REACH: Sites like LTL can never offer the exposure of a major OTA. But we reach your target market and extend your overall reach. On social media we reach up to 100.000 people per week, we got near 2 million pageviews so far and have send over 7000 clients to our partners. Through google ads we had exposure to 87 million eyeballs (50K budget). In some cases we even create new markets for your business, this is especially the case for LTL, but I’ll talk more about that in our 3th post.

COMMISSION: In the past decade, sites like LTL also charged between 15 and 30% commission. But times are changing and so are we. To celebrate our 10th anniversary and modernize our business model we will only charge 10% commission. So we are doing the exact opposite of the major OTA’s, instead of doubling our rates we are cutting them in 2.

RATE PARITY: We can’t compete with the big OTA’s on price but we can compete in terms of curation, content marketing and storytelling. And we look forward negotiating perks with our partners to give customers value by booking through our booking system. And yes make some commission, as our small yearly fee is calculated to cover some overhead costs but is not nearly enough to make a living and travel the world to document all the amazing places we have selected to live the good life … When they find your accommodation on our site and they prefer to book direct that’s fine too, at least we have some of our costs covered.

REVIEWS: It’s impossible for us to catch up with sites like tripadvisor, featuring 300 million plus reviews. However it was part of our dirty little secret formula to double-check if a certain listing should or should not be listed on our site. Our main goal regarding reviews is to make a full review, including photo and video shoot, of all the places we’ve listed on our network and keep track of the ongoing reviews on the OTA’s. And link to them.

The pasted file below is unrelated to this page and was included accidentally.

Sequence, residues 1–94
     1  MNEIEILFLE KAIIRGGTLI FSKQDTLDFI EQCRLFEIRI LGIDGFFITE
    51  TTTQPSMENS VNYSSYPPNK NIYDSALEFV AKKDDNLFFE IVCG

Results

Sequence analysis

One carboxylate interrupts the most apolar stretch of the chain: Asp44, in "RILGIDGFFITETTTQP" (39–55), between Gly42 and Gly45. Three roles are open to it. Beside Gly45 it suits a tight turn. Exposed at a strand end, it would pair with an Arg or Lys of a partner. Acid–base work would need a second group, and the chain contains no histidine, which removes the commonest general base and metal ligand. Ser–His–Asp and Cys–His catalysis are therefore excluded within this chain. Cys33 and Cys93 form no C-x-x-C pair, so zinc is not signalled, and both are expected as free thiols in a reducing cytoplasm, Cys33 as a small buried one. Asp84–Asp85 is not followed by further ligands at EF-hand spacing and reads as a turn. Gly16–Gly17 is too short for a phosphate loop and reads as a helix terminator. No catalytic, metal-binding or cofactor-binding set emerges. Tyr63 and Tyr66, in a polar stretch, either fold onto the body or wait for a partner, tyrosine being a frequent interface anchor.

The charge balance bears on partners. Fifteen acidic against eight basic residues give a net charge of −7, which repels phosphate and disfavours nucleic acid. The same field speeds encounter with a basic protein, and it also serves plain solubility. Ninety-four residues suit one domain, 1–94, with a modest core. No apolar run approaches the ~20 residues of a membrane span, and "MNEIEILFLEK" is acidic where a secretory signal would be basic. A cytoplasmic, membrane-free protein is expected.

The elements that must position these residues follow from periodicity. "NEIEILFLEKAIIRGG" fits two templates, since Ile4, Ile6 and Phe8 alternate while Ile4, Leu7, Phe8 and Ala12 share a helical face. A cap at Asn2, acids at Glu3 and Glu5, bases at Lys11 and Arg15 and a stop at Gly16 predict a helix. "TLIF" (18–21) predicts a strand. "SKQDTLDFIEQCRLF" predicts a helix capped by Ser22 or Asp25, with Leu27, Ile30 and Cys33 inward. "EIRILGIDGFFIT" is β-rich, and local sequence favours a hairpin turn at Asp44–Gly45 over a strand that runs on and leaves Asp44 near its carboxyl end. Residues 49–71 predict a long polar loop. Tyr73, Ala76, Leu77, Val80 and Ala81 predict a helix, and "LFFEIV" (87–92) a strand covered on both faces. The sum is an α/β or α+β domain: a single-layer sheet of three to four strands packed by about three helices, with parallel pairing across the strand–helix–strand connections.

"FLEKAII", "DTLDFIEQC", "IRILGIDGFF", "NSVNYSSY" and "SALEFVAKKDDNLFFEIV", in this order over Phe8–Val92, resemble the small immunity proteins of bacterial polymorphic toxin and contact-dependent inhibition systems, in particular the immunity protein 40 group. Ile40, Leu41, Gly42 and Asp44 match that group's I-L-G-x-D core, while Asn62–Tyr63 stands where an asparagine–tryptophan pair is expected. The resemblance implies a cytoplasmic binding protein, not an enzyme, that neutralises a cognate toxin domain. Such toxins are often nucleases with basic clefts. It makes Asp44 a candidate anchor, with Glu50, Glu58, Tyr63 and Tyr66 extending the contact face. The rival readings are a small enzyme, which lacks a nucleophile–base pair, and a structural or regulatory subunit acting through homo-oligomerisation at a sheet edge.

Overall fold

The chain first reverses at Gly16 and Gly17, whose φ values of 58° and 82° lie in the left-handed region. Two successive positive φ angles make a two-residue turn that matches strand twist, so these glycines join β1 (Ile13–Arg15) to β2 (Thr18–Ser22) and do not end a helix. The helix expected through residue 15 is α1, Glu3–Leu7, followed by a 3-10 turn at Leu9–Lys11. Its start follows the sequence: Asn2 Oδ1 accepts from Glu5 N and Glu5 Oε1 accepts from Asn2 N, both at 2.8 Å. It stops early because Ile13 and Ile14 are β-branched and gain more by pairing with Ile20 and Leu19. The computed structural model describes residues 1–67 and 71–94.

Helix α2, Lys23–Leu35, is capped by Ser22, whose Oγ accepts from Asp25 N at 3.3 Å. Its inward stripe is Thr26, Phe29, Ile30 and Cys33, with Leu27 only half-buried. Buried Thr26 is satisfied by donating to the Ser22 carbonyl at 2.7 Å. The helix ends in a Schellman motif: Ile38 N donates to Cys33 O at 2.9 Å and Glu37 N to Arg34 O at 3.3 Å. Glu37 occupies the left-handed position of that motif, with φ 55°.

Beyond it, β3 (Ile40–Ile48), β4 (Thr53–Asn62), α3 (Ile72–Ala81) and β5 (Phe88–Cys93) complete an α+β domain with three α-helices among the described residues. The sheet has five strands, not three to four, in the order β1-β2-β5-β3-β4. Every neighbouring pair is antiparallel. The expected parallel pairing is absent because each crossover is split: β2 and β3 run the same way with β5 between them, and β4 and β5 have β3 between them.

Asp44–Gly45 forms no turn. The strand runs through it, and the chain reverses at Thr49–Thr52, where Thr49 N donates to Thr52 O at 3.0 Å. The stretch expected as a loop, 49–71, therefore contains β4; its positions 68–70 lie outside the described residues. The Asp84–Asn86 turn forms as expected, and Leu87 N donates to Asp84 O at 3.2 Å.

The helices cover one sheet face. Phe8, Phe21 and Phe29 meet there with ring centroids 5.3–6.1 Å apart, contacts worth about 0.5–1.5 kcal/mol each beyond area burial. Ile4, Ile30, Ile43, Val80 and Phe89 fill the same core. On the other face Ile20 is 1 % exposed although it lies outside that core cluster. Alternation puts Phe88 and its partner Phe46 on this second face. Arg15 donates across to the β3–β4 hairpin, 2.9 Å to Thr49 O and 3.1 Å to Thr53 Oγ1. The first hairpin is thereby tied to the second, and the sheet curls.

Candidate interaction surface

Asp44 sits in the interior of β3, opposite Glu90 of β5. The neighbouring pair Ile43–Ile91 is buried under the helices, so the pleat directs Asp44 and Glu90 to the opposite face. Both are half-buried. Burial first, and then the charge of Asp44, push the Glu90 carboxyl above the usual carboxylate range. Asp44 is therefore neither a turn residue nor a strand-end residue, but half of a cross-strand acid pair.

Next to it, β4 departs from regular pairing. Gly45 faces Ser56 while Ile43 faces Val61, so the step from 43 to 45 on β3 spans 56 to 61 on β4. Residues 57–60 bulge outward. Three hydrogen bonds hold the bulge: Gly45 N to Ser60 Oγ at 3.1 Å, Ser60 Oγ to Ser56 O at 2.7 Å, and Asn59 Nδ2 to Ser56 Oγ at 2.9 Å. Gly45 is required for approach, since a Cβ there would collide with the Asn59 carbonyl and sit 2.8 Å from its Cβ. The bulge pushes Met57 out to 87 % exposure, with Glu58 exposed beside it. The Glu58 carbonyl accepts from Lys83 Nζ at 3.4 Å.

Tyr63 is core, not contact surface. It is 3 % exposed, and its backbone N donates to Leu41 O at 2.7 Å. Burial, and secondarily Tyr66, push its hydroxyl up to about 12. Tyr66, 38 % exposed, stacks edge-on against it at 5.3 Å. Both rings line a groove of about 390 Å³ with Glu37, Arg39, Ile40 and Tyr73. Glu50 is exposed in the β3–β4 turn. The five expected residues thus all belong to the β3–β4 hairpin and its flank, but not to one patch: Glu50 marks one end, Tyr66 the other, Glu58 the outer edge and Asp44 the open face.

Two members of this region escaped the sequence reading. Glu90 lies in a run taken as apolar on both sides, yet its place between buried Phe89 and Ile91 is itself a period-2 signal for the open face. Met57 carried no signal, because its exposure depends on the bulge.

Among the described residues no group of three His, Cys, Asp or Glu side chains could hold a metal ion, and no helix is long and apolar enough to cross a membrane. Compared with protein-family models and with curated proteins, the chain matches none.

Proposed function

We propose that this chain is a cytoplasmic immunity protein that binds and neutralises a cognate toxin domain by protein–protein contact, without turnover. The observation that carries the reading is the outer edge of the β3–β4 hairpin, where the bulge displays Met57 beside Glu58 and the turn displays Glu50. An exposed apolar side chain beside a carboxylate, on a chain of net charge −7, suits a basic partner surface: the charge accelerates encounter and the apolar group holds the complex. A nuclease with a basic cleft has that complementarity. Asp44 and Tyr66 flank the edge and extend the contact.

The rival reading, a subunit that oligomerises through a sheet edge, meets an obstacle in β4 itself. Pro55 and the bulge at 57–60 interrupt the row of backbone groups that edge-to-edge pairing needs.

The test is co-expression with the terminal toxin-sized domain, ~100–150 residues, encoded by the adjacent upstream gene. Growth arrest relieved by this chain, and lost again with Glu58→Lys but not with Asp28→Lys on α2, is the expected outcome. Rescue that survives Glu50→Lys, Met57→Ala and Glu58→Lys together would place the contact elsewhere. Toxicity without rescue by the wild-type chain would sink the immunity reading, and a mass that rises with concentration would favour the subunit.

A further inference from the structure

PRICES & AVAILABILITY: It’s the dirty little secret in the world of OTA’s. No matter how you make your reservation, you always run a tiny risk of arriving at your hotel and finding it overbooked. If its software doesn’t properly hook up to the hotel’s electronic booking system, you don’t have the room the site claims you reserved. Booking prices are shown in your own currency but after booking you’ll often pay directly to the accommodation in the local currency, what OTA’s don’t tell you is that they negotiated with the accommodation a standard change rate 10 to 12% higher than the current rate. Another reason why direct bookings are hard to beat. People who commented on this issue in reviews got censored by the OTA’s. Another partner googled his BNB and a major OTA came up in the top search results. When he clicked it said his BNB is not available and the OTA suggested other BNB’s. I guess we could call that dirty little secrets of the OTA’s industry … but we can not ignore that the availability feature is a key element in the OTA’s success story, the biggest challenge is to keep them up-to-date , in real-time. Most off the time it does work it’s magic.